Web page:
Hashem issues a guarantee: If the widow or orphan cry out to Him, He will listen to their cries. Understandably, the widow and orphan are among the loneliest people in our society. Does this mean that they should be guaranteed access to Hashem over everyone else? Horav Tzvi Partzovitz, Shlita, quotes Chazal (Rosh Hashanah 18a) who say the following: Two men went up to the scaffold, each about to be executed; or two men went to the executioner to have his head severed from the rest of his body. One succeeds in leaving, while the other falls victim to the executioner’s skill. Why? What is it that catalyzes one to leave, while the other one dies? Chazal teach that one prayed b’shleimus; thus, he was spared, while the other one did not pray a tefillah shleimah, whole, perfect/complete prayer, thus, he was not spared. This implies that, if he would have prayed a tefillah shleimah, Hashem would have surely listened to his prayer. Furthermore, the only reason that Hashem did not respond favorably to this prayer was that his tefillah was not perfect. What is the meaning of this, and what constitutes a tefillah sheleimah?
We must say that when one walks up the steps to the scaffold, he knows this is it. Unless Hashem answers his heartfelt prayer, he is soon to become history. There is no going back – alive – from the scaffold or the executioner’s block. It is at this point that the supplicant knows that only prayer, if accepted by Hashem, can save him. All options are over. This is it. When one prays with the realization that his only option for salvation is Hashem, it constitutes a tefillah shleimah. The widow and orphan are acutely aware that they have no one other than Hashem. Thus, their prayer to Him is sheleimah, complete. They have no false beliefs that someone will come to their aid. They are all alone in the world. Therefore, when they pray to Hashem, He listens.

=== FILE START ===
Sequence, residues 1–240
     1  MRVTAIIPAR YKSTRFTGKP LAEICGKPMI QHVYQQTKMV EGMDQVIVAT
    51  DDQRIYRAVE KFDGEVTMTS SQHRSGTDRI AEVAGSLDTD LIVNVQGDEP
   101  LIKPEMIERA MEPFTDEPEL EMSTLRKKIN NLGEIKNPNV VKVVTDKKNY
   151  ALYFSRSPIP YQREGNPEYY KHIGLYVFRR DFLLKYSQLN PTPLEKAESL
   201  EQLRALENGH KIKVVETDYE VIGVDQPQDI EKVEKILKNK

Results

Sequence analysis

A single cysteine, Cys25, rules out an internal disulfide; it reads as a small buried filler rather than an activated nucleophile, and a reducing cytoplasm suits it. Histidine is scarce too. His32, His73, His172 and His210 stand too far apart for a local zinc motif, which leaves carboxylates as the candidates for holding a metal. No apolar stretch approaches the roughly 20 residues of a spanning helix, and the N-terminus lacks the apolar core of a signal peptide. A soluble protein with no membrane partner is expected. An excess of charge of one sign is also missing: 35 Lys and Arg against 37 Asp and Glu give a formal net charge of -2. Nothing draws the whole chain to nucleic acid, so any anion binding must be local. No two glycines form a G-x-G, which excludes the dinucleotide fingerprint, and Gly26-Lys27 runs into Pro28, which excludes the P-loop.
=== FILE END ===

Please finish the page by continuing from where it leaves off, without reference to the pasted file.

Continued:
David Hamelech expresses this idea in Tehillim 142:5, “Looking to the right and see that I have no friend; every escape is lost to me; no one seeks to save my life.” Why did David HaMelech underscore the fact that he has no friend, no savior; he is literally up against a wall with nowhere to go and no one to whom he can turn? Would having another option preclude or diminish his obligation to pray to Hashem? Apparently, if he would have had “other” options, it would have diminished his prayer. It would not be shleimah. As long as options exist, they remain in the back of our minds, impeding us from complete prayer. It is only when one’s entire tikvah, hope, depends upon Hashem that prayer has its true efficacy.